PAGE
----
Why Dishonesty is sometimes a Good Policy

 

I ordered an egg and bacon muffin from the Muffin Break. With coffee it came to $8.50. I handed over $20 and was given $14 change. My initial reaction was to take the money and run but my conscience kicked in and I pointed out the discrepancy. The young assistant had to think about it for a minute while the manager tut-tutted and glared at her. She made a dog’s breakfast over giving me the correct change.

I hope my honesty didn’t do someone out of a job.

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7 thoughts on “Why Dishonesty is sometimes a Good Policy

  1. if only we had the clarity to determine when it is wise to be honest and when it is not 🙂 I’m sure everybody has a similar story

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  2. I have a sliding-scale of morality. If it was a Macca’s or Hungry Jack’s I’d keep my mouth shut. If was my local small business or a struggling pop-up I’d point it out.
    But don’t beat yourself up about the employee John. You did it with the best intentions…

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  3. Thanks Rob. I like that: a ‘sliding scale of morality’. I would like to see it demonstrated in a poem or short story. Ethics are a tricky business. But you’re right about Fast Food franchises. Probably wouldn’t give it a second thought but I frequent the Muffin Break two to three times a week. I know most of the people who work there. You feel bonded 🙂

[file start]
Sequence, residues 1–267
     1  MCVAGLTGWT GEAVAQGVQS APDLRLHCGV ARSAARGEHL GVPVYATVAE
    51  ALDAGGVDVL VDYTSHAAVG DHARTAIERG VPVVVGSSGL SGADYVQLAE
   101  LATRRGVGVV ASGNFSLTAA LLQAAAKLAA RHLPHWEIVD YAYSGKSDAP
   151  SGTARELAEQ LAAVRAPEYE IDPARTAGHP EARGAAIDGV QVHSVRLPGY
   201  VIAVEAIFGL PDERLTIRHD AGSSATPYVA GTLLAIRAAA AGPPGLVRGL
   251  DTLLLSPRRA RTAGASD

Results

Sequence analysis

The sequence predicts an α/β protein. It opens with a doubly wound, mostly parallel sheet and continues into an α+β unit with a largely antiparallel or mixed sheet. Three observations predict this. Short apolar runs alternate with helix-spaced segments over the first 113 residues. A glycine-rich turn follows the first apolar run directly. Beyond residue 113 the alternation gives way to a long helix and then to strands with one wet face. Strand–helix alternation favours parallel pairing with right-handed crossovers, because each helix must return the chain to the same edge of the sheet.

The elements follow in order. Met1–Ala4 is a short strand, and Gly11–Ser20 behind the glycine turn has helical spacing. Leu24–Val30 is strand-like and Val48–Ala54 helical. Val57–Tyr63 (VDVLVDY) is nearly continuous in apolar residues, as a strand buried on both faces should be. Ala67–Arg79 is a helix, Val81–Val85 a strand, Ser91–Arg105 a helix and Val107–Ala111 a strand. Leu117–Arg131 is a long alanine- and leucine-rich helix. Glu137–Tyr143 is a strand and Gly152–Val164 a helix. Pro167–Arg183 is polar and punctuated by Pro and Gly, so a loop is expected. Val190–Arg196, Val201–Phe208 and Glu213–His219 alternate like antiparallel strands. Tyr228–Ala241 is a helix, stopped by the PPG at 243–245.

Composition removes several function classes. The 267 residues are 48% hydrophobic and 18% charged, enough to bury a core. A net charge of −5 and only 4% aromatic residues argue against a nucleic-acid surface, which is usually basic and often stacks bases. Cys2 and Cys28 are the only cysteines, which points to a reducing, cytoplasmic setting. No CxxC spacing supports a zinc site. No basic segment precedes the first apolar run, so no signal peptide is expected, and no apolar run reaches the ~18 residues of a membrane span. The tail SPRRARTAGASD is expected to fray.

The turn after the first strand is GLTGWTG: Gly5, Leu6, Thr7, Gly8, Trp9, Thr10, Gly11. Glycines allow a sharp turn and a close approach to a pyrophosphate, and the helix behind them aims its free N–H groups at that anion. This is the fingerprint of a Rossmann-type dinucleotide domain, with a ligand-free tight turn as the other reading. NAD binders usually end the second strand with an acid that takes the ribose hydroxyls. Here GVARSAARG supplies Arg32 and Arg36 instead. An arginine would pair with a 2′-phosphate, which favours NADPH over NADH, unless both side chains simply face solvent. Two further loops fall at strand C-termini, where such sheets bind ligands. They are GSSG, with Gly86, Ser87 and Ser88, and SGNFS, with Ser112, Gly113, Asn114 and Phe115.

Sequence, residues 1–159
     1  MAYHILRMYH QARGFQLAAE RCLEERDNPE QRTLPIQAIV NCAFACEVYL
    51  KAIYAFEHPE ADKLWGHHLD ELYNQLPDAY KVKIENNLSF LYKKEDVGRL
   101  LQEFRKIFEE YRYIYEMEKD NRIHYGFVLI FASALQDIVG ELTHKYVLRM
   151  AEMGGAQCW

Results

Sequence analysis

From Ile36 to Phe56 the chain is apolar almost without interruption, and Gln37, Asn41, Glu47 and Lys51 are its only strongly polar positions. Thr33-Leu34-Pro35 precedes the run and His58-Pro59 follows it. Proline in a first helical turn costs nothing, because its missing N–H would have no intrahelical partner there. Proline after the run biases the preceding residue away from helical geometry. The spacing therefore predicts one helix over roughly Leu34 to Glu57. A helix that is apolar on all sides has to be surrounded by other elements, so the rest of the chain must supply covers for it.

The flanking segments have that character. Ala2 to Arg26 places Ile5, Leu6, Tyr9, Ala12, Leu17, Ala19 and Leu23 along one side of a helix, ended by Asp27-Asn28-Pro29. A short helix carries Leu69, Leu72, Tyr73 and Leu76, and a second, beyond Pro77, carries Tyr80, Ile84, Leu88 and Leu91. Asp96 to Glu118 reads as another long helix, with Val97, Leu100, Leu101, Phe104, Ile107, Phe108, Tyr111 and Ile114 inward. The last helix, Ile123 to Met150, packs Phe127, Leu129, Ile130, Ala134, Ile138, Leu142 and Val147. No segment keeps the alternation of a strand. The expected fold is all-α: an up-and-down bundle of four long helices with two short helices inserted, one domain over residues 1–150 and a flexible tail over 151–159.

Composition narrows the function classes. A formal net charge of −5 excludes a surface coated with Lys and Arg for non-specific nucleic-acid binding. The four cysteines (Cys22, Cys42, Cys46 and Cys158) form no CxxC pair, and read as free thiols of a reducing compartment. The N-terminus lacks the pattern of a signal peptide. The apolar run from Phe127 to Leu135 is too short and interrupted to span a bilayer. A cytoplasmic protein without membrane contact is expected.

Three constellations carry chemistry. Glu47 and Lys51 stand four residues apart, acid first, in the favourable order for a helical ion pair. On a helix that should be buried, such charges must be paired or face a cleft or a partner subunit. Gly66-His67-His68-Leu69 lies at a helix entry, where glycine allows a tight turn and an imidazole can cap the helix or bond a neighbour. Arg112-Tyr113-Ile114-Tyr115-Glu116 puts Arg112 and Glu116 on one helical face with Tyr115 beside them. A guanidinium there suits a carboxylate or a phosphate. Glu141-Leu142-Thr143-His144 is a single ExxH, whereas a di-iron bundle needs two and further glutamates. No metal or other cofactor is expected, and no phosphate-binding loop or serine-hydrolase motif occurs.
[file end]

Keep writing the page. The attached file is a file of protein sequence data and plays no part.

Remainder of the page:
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  4. Was looking for your blog, Rob — I always reciprocate when people visit or comment on my blog — but you don’t appear to have one 😦

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  5. I made enquiry about the morality of paying undocumented bills (tax issue) and also about royalties for using internet facilities. There was no clear answer – and to do what ‘may’ be the moral thing proved impossible.

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